Islamabad’s Waziristan peace deal: appeasement of “Taliban”?

In its Sept. 6 account based on its reading of a direct translation, Newsday portrays the Pakistani government’s new peace pact with tribal insurgents in Waziristan, in the autonomous Federally Administrated Tribal Areas along the Afghan border, as appeasement of Islamist militants. Which maybe it is. But this is further evidence of how Bush has painted both the US and Pakistan into a corner: the rise of the fundamntalists (which Newsday’s text sloppily refers to as the “Taliban,” meaning that they share the Afghan Taliban’s ideology) to power in Waziristan is a result of US-mandated militarization of the region. A real crackdown could result in Gen. Musharraf’s overthrow—and a Taliban-type regime coming to power in nuclear-armed Pakistan.

Pact reached between Pakistan, pro-Taliban forces

PESHAWAR, Pakistan — The Pakistani government signed a peace accord with Islamic militant rebels yesterday that leaves the militants — who call themselves Taliban and are closely allied with the Afghan Taliban movement — in effective control of most of the border region of Waziristan.

The deal, signed with Taliban based in North Waziristan, ended a 30-month-long military campaign that failed to secure control over the most isolated and ungoverned regions on Pakistan’s long border with Afghanistan. A similar truce was signed with militants in South Waziristan in February 2005.

Each deal is designed to give the government a face-saving exit from its offensive, which shattered villages and alienated residents, pushing them into the arms of the Taliban, say observers from the region, including South Waziristan journalist Sailab Mahsude.

The new agreement, obtained and translated by Newsday, declares formally that the North Waziristan militants will end attacks both on government targets here in Pakistan and across the border against U.S. and allied forces in Afghanistan. But the real meaning is the opposite, tribal officials from the region said.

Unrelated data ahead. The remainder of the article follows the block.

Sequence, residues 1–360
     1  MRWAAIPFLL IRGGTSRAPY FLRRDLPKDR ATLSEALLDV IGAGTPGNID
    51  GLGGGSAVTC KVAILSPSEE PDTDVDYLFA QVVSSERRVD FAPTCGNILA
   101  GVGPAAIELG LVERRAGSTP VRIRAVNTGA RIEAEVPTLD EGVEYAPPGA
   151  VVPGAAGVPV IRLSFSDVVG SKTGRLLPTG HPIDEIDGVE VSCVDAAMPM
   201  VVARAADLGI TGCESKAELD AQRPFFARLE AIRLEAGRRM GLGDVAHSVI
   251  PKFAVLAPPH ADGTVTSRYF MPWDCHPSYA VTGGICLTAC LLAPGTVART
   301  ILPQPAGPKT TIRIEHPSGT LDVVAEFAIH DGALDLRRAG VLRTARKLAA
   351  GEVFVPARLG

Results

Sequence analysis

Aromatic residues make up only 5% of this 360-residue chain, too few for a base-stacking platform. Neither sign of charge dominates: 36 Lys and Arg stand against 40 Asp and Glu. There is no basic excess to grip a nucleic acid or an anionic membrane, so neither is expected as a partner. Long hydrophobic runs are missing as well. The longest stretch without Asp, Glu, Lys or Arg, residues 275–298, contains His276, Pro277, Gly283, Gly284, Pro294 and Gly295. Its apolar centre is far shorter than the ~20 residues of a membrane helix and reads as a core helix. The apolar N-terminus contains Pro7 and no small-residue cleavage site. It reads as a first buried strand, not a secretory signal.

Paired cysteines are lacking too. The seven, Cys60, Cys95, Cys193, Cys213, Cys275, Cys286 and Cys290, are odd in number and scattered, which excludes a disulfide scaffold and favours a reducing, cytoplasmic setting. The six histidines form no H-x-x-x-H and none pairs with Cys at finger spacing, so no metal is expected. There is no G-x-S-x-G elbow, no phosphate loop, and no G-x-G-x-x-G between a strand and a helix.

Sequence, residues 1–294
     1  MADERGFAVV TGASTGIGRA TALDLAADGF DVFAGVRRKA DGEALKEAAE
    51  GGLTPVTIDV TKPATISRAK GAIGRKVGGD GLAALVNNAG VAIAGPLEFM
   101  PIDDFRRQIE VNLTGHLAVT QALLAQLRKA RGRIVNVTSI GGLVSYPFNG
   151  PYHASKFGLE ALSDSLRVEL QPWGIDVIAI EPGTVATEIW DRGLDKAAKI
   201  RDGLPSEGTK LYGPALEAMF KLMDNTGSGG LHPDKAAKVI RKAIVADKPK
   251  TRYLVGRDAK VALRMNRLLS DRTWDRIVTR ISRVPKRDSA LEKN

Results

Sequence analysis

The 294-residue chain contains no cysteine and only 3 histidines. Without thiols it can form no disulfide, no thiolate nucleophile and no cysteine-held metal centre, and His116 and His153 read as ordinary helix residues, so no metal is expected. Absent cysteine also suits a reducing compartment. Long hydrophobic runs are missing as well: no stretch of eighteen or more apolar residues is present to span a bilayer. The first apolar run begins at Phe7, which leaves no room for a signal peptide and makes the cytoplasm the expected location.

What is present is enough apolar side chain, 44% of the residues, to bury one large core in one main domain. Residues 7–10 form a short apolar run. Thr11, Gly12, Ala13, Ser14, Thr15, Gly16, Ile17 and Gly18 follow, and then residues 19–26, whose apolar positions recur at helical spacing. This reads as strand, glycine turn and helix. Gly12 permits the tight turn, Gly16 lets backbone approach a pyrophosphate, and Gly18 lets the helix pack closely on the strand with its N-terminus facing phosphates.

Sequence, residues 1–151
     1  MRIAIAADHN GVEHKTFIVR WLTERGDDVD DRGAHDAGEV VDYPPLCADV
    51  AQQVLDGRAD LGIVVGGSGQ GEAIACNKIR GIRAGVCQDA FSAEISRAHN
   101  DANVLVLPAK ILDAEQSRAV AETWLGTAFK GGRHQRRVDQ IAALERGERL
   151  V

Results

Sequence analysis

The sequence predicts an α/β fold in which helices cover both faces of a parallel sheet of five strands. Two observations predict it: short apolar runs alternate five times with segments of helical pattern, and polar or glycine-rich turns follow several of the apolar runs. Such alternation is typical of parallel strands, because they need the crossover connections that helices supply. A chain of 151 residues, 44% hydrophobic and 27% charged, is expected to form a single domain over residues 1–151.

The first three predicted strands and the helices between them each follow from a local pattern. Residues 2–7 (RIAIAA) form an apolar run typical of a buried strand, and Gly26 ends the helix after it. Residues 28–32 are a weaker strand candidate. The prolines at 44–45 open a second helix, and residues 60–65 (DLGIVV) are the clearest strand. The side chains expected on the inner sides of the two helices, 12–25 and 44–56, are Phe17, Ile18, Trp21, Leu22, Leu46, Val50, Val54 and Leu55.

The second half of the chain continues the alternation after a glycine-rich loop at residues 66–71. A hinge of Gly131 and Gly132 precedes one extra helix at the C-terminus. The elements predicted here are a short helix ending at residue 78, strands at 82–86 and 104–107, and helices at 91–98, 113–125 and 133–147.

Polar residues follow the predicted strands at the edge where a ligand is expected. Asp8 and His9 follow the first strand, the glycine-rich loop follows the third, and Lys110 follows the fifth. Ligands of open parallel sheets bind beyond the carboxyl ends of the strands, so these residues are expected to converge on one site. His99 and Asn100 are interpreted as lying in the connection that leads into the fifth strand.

The accord asserts that “there will be no cross-border traffic for military activities,” but contains the loophole that “for traffic … for trade, business and family visits, there will be no restriction, according to the customs and traditions” of the border area. In practice, the ethnic Pashtun tribes on both sides of the border cross with little attention paid by Pakistani border guards, who traditionally are members of those same tribes.

Under the deal, Pakistan agreed that tribal paramilitary forces, rather than army troops, will handle border control duties, as they did before the recent army offensive. The poorly trained, underpaid paramilitaries have proved no barrier to Taliban infiltration past the border, U.S. troops say.

The South Waziristan peace deal has left the Taliban running a parallel government that has largely displaced Pakistan’s administration. The militants there openly recruit, train and send men to fight over the borders against the Americans.

In recent talks, Pakistan’s government refused a Taliban demand for acknowledged right to pursue jihad against the non-Muslim forces in Afghanistan. But the government has secretly left open the door to continued infiltration, an official involved in the talks said. Pakistani officials have denied any secret deals.

To clear up Newsday’s sloppy oversimplifications: the “Taliban” which rules Waziristan is actually the Muttahida Majlis-e-Amal, which came to power on an anti-US platform in the October 2002 general elections, and immediately started imposing a harsh Taliban-style interpretation of shariah. Its influence has spread, and grown harsher, as Pakistan, at US behest, has undertaken military operations in the region to flush out supposed militants form al-Qaeda and the real Taliban. (UK Telegraph, April 3, 2006) This is a dialectic which have noted for some time.

See our last posts on Waziristan and Pakistan.